Accrual Principle of Accounting
What Is the Accrual Principle of Accounting? – Definition
The accrual principle is often confused with or treated as being only an aspect of the matching principle. It is actually not so. This principle, in fact, relates to such expenses that are not specifically related to the source of revenue but are incurred by the business for its existence or general conduct.
Accrual principle states that if an expense has been incurred (i.e., the benefit against it has been received) in a particular accounting period, it should be included as an expense in that period’s income statement whether or not such an expense has been paid for. Let us consider an example. When a business sells any goods, the cost of such specific goods must be matched – that is a part of the matching principle.
In addition, to purchase of these goods, the business also incurs certain other expenses that are not specifically related to these goods, e.g. telephone expenses etc. Now since income statement is based on an accounting period, the cost of all telephone calls made in a particular accounting period must be considered as an expense for that period, even if the telephone bill is received and paid for in the next accounting period. The test is the time when the service or benefit against the expense is received, not when it is paid for.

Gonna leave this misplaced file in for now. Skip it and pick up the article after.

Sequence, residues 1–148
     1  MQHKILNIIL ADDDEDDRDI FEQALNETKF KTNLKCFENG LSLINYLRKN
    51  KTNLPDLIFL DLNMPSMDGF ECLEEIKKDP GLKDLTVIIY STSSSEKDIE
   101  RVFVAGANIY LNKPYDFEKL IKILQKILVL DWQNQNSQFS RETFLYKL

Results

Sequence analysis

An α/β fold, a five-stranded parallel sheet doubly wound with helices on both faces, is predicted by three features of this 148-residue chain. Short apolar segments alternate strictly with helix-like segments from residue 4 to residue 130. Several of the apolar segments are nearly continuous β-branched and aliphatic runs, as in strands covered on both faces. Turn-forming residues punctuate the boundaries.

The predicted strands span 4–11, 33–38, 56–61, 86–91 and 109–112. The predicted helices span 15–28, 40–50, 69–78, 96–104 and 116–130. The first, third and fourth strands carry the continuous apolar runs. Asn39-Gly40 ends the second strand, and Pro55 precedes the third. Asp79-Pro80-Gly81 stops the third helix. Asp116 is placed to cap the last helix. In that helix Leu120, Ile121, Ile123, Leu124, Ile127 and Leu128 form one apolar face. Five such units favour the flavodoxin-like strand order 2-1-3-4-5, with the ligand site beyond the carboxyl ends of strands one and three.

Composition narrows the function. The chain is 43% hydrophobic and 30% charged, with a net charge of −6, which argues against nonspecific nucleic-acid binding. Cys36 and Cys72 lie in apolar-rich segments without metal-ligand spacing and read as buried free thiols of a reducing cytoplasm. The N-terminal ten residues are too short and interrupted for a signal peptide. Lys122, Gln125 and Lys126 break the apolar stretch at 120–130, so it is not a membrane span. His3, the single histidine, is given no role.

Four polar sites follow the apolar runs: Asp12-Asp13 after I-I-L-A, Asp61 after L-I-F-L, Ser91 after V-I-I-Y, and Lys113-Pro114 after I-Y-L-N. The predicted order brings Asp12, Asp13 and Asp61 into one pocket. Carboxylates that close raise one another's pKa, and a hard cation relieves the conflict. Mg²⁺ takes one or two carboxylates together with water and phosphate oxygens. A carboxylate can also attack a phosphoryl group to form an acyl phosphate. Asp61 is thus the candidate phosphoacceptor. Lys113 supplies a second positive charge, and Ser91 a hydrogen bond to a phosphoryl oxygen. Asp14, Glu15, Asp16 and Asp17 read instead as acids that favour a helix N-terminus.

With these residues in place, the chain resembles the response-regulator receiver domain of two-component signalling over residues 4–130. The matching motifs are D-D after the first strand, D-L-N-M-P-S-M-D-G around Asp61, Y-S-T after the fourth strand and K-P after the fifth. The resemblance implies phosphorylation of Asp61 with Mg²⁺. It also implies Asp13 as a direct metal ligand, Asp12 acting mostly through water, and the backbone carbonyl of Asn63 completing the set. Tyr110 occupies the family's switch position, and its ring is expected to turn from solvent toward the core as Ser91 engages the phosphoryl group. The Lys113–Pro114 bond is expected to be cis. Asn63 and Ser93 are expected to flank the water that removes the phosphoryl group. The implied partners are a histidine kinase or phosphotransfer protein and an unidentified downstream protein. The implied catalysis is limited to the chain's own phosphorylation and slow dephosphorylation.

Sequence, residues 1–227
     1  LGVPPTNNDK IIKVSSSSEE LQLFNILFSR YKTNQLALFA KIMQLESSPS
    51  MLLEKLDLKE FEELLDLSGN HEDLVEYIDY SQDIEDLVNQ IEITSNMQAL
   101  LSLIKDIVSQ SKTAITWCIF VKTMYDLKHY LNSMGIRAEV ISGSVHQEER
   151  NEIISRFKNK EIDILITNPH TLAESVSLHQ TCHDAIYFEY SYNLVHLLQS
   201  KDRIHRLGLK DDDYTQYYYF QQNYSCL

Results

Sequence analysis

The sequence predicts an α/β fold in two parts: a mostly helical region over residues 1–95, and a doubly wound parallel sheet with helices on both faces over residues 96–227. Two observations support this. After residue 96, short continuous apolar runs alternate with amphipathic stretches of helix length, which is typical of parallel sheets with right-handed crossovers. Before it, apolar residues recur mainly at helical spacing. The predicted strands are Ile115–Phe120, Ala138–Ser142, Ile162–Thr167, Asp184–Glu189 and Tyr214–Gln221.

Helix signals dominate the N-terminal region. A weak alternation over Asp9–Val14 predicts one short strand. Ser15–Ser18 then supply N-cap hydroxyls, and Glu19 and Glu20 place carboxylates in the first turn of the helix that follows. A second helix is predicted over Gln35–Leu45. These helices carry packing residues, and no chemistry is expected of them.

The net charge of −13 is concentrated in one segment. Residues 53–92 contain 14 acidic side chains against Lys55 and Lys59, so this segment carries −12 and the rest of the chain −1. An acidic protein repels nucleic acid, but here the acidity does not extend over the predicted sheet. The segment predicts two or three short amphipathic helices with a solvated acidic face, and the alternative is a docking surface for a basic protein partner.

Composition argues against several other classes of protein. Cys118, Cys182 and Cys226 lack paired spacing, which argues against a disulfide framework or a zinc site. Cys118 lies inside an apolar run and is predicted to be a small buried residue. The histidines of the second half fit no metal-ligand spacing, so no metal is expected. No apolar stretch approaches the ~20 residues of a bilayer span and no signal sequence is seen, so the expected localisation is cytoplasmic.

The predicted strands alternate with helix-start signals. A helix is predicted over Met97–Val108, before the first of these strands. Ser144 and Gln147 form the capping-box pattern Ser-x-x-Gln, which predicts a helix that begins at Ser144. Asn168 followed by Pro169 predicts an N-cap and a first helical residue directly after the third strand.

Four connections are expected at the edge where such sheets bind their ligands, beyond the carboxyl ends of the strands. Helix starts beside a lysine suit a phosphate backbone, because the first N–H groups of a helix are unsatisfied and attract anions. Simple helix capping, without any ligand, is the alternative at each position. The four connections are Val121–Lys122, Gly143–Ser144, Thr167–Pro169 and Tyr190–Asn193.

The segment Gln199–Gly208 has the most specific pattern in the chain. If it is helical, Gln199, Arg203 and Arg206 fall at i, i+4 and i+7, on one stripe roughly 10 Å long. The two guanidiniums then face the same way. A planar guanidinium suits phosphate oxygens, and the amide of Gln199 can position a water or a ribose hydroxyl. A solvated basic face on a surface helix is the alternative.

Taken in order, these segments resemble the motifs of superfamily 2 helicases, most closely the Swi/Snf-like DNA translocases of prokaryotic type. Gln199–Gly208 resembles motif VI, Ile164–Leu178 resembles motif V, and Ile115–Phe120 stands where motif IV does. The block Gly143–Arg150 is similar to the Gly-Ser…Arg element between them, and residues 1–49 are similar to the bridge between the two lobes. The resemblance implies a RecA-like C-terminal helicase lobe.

Let us take an extreme example and assume that business records no sales whatsoever in a particular month. It will, therefore, have no revenue for that month and no direct costs, but there will still be certain expenses incurred in that month that are not directly related to sales, e.g. rent etc. Some of these indirect expenses may no have been paid by the end of that month even though they have accrued in that period.
The accrual principle states that an expense should be booked when it has taken place regardless of whether it has been paid or not, and regardless of its direct or indirect relationship to the revenue. Similarly, if an income is time-related and that time has passed (e.g. interest on a bank deposit) such an income should be booked in the accounts even if it has actually not been received in the particular accounting period.
About the Author
True Tamplin, BSc, CEPF®
True Tamplin is a published author, public speaker, CEO of UpDigital, and founder of Finance Strategists.
True contributes to his own finance dictionary, Finance Strategists, and has spoken to various financial communities such as the CFA Institute, as well as university students like his Alma mater, Biola University, where he received a bachelor of science in business and data analytics.